Think Africa Press review for Why Doesn't Microfinance Work?
Think Africa Press recently posted a review of Milford Bateman's 'Why Doesn't Microfinance Work?'.
2005 was the "International Year of Microcredit", celebrating an industry thought by some to be a panacea for the developing world. In Why Doesn't Microfinance Work? : The Destructive Rise of Local Neoliberalism , Milford Bateman, a research fellow at the Overseas Development Institute, attempts to highlight how this much-lauded tool is flawed but has managed to maintain such a central place in development discourse for more than thirty years.
The concept is to extend credit facilities to a range of people who do not have the collateral to gain credit elsewhere. It is built upon the idea that the poor are entrepreneurial, and claims to alleviate poverty and empower women. However, recent events have seen the industry's lustre fade – including a spate of suicides amongst heavily indebted people aggressively pursued by microfinance institutions, allegations of corruption and the high-profile removal of Muhammad Yunus from the microfinance bank he founded.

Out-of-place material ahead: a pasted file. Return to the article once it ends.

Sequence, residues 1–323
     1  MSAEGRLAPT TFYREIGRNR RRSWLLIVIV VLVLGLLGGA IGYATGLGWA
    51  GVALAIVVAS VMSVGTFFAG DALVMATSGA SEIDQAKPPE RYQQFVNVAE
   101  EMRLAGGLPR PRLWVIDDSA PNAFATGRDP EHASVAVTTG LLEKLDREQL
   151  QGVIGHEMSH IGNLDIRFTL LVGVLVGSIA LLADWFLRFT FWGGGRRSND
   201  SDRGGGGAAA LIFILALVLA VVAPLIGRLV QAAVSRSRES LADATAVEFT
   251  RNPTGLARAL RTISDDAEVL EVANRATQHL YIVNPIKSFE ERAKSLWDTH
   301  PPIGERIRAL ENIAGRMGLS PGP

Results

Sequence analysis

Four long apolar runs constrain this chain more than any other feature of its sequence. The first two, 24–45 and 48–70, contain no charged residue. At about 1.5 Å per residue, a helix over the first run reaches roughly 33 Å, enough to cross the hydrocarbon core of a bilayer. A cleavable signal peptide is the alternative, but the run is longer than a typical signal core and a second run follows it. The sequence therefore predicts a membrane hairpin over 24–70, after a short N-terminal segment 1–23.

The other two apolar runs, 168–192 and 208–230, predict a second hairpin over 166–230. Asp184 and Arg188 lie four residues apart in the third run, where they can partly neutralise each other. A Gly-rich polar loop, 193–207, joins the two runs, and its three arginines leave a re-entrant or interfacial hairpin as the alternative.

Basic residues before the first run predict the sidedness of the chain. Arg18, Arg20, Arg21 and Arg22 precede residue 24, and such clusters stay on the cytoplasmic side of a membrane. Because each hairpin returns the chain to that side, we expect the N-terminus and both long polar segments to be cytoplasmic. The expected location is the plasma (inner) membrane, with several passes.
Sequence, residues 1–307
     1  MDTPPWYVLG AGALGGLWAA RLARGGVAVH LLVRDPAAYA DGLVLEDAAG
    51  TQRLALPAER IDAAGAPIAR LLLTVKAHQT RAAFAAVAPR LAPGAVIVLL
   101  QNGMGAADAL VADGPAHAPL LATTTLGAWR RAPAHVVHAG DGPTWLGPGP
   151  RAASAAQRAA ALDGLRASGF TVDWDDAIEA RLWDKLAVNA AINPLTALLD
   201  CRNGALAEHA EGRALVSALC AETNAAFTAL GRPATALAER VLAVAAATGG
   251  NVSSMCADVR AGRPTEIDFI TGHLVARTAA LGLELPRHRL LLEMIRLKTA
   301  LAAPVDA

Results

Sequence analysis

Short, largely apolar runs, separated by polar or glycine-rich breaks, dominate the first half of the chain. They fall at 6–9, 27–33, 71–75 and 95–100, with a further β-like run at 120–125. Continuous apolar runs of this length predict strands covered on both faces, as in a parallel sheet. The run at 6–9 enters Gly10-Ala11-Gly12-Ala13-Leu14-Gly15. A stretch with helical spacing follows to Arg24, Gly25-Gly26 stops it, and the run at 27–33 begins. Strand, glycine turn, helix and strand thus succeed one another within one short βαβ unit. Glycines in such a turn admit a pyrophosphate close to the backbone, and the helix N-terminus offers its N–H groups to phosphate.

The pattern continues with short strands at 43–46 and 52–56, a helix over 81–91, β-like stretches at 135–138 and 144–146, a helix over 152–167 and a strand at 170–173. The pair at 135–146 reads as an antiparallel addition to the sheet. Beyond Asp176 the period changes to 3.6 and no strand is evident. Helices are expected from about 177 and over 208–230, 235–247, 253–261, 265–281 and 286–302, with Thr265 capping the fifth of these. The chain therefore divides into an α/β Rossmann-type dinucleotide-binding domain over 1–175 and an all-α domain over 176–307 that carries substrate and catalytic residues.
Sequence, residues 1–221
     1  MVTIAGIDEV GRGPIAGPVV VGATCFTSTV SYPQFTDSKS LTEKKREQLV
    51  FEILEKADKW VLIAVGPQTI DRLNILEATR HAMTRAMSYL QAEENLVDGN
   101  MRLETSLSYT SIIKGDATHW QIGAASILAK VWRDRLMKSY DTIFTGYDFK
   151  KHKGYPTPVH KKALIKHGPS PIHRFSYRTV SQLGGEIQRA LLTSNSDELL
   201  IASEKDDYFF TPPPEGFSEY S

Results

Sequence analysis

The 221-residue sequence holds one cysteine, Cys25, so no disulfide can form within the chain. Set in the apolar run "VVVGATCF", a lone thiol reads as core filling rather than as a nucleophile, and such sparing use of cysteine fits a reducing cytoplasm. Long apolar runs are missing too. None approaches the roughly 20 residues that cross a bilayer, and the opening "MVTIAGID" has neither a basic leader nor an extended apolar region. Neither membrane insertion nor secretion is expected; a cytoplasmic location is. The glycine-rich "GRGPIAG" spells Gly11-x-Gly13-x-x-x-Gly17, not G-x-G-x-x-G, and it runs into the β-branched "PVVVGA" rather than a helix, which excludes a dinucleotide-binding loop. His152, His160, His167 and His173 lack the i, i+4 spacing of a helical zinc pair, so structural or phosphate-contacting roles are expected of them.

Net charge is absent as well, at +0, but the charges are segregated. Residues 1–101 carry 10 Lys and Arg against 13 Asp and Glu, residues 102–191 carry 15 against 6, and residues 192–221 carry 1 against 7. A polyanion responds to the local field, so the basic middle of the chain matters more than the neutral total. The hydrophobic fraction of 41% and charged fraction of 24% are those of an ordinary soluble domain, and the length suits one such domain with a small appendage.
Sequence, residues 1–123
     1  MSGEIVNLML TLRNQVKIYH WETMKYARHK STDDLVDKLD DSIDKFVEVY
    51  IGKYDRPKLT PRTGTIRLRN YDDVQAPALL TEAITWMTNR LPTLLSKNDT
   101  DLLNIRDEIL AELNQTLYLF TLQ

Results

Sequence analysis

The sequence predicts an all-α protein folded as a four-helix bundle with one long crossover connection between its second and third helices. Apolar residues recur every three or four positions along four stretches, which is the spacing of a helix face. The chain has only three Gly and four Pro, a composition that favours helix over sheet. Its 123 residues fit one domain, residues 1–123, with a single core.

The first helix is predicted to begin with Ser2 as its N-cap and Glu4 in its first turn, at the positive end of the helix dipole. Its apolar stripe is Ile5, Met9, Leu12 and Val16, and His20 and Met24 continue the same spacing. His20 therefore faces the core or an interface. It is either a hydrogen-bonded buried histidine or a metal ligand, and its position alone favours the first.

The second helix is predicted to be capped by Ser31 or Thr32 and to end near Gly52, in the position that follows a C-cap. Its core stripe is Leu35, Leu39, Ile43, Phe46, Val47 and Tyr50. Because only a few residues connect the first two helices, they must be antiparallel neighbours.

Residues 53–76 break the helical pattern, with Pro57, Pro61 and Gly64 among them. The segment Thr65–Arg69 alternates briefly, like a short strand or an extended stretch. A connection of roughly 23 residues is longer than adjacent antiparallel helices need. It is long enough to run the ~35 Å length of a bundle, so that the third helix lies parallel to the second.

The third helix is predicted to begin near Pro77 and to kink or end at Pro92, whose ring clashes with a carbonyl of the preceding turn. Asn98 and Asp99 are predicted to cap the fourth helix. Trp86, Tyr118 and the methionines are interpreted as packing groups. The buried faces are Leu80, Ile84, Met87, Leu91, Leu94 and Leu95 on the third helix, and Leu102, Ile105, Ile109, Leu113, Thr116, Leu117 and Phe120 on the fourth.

The main ideas in the book are then discussed and critiqued, with contributions from other experts, such as Salwa Ismail, Professor of Politics at the School or Oriental and African Studies.
'Milford Bateman's book is a well-written account and is an important step in correcting the misconceptions of microfinance. The industry has been accepted with little rigorous analysis of the impact or the way it continues to justify its mission.
Read more at http://thinkafricapress.com/development/why-doesnt-microfinance-work-review
'Why Doesn't Microfinance Work?' is out now.